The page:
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Jesus 'enters' legislators' gun control debate

cornish portrait
MinnPost file photo by James Nord
“I’m a Missouri Synod Lutheran,” Cornish said. “In Luke, Jesus said, ‘Sell your cloak and buy a sword.’ ”

The Capitol's long-running, emotional gun control debate prompted a new question Tuesday morning: “What would Jesus do?”

And it prompted charges of strong-arming.

The suggestion that “bullying” is going on was first raised by Rep. Tony Cornish, R-Vernon City.

The comments came after the chairman of the House Public Safety Committee, Rep. Michael Paymar, DFL-St. Paul, started off the hearing on his background-checks bill by announcing that the committee would not vote on the measure until 7 o’clock tonight.

That news brought grumbles from Republicans on the committee who claimed that Paymar was going to use the time “to bully’’ DFL members of the committee who do not want to support his bill, which is strongly opposed by the NRA.

“This bill is a nightmare for all gunowners,’’ Cornish said, before turning to Paymar and saying, “During the recess ... don’t badger them [DFL members of the committee.]’’

Indeed, it does appear that Paymar is going to have a tough time rounding up enough DFL votes on the committee to pass his "loophole" bill, which would require background checks on those attempting to purchase weapons at gun shows, on the Internet or through private,

person-to-person sales.

The suggestion that Paymar was going to use the hours between the morning committee hearing and the evening vote to “badger’’ members of the committee was not the most surprising comment made by Cornish Tuesday morning.

That came from Cornish, who grew restless as pastor after pastor testified to the need for the Paymar bill to pass. Words like “moral” and “protecting children’’ were repeatedly used by the pastors.

Cornish, finally, decided to respond to all this morality talk from what he considered a bunch of left-leaning preachers.

“I’m a Missouri Synod Lutheran,” Cornish said. “In Luke, Jesus said, ‘Sell your cloak and buy a sword.’ ”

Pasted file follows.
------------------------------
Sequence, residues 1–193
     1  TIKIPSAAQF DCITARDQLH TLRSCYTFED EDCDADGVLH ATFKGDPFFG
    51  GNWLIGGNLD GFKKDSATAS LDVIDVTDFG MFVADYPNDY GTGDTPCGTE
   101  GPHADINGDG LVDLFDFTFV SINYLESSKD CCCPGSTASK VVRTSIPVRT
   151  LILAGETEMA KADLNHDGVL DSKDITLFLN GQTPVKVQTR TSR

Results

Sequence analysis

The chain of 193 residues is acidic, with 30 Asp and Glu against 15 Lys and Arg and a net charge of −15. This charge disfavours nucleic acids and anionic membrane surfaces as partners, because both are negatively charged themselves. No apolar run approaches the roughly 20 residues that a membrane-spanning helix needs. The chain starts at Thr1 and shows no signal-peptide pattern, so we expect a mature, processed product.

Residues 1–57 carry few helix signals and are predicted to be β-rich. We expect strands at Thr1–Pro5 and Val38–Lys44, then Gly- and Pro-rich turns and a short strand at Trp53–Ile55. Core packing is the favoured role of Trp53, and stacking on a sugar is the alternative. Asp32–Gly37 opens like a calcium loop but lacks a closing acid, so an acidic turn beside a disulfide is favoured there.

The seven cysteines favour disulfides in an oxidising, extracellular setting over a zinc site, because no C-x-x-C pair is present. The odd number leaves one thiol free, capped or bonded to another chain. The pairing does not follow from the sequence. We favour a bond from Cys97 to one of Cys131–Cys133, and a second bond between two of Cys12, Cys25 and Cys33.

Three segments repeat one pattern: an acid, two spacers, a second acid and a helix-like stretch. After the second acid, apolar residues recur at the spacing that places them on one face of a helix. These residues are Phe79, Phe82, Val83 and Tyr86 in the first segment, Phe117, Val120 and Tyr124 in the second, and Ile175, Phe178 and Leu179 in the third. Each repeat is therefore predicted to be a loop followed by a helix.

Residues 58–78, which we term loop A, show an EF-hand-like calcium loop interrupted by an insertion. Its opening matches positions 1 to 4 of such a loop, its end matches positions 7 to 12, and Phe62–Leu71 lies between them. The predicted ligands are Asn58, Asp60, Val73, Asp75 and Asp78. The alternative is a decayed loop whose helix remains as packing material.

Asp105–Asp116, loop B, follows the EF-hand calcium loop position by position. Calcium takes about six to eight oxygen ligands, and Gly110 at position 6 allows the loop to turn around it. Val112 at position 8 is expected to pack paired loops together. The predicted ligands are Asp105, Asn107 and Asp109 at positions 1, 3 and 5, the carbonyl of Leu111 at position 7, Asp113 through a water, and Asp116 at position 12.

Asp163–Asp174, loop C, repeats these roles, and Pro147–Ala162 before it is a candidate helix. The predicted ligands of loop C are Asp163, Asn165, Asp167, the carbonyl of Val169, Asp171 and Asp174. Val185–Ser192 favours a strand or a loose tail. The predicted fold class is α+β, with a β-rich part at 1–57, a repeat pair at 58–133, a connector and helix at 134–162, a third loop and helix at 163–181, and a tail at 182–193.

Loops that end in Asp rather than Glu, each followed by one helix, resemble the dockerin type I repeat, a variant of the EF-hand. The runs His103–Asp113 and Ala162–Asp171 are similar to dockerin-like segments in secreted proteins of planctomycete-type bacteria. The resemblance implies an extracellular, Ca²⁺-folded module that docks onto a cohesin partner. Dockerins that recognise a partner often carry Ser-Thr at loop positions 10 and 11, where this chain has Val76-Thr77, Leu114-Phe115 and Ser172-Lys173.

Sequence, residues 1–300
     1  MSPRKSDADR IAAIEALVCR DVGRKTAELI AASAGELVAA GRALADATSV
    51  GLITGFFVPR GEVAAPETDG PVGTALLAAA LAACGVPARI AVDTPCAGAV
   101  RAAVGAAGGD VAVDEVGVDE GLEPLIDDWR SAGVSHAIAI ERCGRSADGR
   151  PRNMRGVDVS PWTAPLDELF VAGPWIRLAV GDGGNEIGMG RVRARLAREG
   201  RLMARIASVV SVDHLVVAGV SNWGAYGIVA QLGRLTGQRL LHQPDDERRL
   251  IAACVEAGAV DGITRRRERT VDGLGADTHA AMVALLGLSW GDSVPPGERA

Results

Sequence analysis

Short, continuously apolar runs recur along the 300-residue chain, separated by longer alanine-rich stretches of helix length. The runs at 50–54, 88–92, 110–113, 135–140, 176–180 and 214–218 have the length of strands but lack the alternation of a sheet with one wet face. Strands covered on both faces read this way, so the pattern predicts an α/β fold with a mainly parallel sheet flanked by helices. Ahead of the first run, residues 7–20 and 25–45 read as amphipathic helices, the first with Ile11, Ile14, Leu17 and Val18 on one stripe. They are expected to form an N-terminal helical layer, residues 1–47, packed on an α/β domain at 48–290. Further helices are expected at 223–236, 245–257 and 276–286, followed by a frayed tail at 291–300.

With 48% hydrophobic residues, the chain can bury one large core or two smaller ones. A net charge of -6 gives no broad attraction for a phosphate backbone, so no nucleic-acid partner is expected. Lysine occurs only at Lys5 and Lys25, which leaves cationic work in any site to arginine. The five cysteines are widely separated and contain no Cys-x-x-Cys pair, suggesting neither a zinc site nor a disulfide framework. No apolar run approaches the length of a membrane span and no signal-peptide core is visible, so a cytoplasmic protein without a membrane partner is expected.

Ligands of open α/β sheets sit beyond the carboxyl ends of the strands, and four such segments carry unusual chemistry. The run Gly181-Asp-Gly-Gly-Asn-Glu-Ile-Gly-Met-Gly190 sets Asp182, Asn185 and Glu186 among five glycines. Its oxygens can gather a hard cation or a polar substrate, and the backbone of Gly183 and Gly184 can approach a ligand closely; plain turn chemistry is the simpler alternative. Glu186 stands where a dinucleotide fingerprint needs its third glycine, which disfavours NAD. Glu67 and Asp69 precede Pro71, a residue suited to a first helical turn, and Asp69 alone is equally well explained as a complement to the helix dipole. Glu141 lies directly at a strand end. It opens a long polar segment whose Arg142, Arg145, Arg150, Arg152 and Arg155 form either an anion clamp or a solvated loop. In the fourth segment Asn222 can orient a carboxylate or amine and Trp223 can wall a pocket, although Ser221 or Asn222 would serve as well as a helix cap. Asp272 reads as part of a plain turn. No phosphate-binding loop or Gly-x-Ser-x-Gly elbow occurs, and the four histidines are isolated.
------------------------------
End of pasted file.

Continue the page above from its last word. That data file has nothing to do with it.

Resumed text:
That Jesus was being presented as a Second Amendment guy startled everyone in the packed hearing room.

After the hearing, Cornish said he’s long been holding  on to the verse from Luke 22:36 to toss into the gun debate. In his mind, Cornish said, that verse  means that Jesus would have no problem with people packing a pistol “to protect their families.”

The verse, it should be noted, has led to many debates among theologians, most of whom seem to believe that, when taken in context, Jesus was not advocating the use of swords — or presumably pistols — as a way to settle differences.

That theological discussion did not take place in the committee hearing, however. Cornish’s use of Jesus just sort of hung over a debate that goes on and on and on.

But when the charge that Paymar was trying to bully DFLers was made again by a witness, the NRA’s Christopher Rager, a side spat did develop.

Rager said, in testimony, that the reason the vote was being postponed was so that Paymar and others who support the bill could “wrangle” reluctant legislators.

Rep. John Lesch, DFL-St. Paul, stopped Rager.

“Bullying people?” Lesch asked. “Who is bullying people?”

“I’ve been told by members that is happening,” Rager said.

Lesch wanted names. He wanted examples. He wanted specifics.

Rager seemed to have none.

paymar portrait
MinnPost file photo by James Nord
Paymar, after the morning session, denied he was bullying or wrangling anyone.

For his part, Paymar, after the morning session, denied he was bullying or wrangling anyone.

“It [the vote] is very close,” Paymar said. “I’m just hopeful that between now and 7, some hearts and minds could change.”

Paymar also said he would be open to amendments to his bill. For example, he indicated he would be open to accepting large portions of a gun bill proposed recently by Rep. Debra Hilstrom, DFL-Brooklyn Center.

The Hilstrom bill has more than 70 co-authors from both parties, and it has the approval of Cornish and the NRA.

It would, however, do nothing to close gun show loopholes, but it would require some technical changes in gun laws. For instance, it would stiffen penalties for those making straw purchases on behalf of those who are not allowed to have firearms, and it would require the state to forward more information to a national database regarding people with a history of mental health problems.

There’s little doubt that the Hilstrom “compromise” could pass both the House and Senate. But it’s considered tepid, at best, by Paymar and advocates of stronger gun legislation.

Merely adding the Hilstrom compromise to the Paymar bill will not make those opposing more controls happy.

“It’s like putting a diamond in a cow pie,” said Cornish.

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Comments (32)

Luke 27“But I say to you who

Luke 27“But I say to you who hear, love your enemies, do good to those who hate you,28 bless those who curse you, pray for those who mistreat you.29“Whoever hits you on the cheek, offer him the other also; and whoever takes away your coat, do not withhold your shirt from him either.30“Give to everyone who asks of you, and whoever takes away what is yours, do not demand it back.31“Treat others the same way you want them to treat you.32“If you love those who love you, what credit is that to you? For even sinners love those who love them.


What is your point?

Are you insinuating that Jesus' teaching us to love others somehow negates his commandment to buy a sword and the overall message of Scripture showing a man taking personal responsibility to protect himself when attacked and to protect his loved ones?

It's amazing to watch lefties ABUSE the Scriptures. If you're not a leftist, you're acting like one in this instance.

If anything, this comment